There are million little milestones that one passes through on the journey from child to adult.
There are, of course, those that we all celebrate and write down (or feel guilty about because we neglected to write them down), like the first time they sat up, or ate cereal or lost a tooth.
Then, there are those other little milestones, the ones that are more fleeting, less obvious, but still they are the small bits that comprise a large shift – boy to man.
I remember the day when my middle son, my James, ran through the kitchen. A drawer was open, but he didn’t slow down at all because he’d always cleared that drawer before. This time, his little head hit it full on. He had grown too tall.
There was the time too, just a few weeks back, when I gathered up my laptop and prepared to go and sit with my youngest until he fell asleep, just like I’ve always done, and he informed me, “I don’t need you to sit with me anymore. I can go to sleep all by myself.”
And he has, ever since.
These things happen regularly around here – the relentless march to manhood carries on.
Today there was a new one though…
“I am not a child anymore,” my eldest son declared, barging in my bathroom as I showered.
I thought, “no, you aren’t, and that is precisely why it weirds me out some that you’re standing in my bathroom right now.” (Not long ago, I wouldn’t have thought twice about it. When did that weirdness creep in?)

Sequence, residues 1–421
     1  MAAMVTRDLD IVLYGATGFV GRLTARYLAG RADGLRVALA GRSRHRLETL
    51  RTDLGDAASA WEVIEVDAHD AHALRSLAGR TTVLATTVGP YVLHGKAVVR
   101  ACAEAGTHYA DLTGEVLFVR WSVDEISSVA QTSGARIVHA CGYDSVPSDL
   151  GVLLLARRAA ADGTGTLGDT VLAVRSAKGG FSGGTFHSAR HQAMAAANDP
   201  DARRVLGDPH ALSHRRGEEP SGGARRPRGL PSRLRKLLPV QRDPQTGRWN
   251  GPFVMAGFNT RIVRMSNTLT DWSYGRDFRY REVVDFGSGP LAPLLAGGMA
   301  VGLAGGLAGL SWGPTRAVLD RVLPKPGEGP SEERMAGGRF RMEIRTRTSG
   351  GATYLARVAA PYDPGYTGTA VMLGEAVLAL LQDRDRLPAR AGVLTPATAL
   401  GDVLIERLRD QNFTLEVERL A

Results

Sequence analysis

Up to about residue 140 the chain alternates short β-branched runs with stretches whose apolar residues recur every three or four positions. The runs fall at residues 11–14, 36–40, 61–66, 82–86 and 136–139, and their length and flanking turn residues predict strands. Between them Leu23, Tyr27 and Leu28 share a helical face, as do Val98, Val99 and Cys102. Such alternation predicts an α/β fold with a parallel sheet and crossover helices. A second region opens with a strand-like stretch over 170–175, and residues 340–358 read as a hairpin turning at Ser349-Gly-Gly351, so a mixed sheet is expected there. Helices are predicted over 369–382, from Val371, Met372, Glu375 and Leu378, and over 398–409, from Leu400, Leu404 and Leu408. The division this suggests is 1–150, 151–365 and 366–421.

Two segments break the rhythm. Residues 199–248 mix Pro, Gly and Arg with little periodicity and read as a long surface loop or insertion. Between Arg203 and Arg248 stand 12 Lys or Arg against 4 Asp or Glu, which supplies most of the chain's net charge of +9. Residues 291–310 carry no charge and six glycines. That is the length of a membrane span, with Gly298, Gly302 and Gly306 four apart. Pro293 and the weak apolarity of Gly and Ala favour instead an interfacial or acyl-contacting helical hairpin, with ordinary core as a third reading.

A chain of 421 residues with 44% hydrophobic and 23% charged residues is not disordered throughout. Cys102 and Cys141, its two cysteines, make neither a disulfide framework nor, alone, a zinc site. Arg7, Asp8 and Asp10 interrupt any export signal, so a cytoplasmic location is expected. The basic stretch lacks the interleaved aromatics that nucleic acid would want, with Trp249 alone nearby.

“What?” was all I said though, peeking my head around the shower curtain.
“I’m not a child! This is a childproof cap, and I can open it! Watch!”
Sure enough, he did.
“Wow! Good for you!” I said.
“Crap” I thought.
He was incredulous, saying, “It was right there all the time, on the top of the bottle – the instructions, ‘While Pushing Down, Turn.’ It’s on all the medicine tops! I checked. Did it always say that or did they just start putting that on there?”
“They’ve always said that, honey. It’s just that you can read it now.”
He shook his head, smiling at the absurdity of it all – that the instructions for moving past childhood had been right under his nose all these years.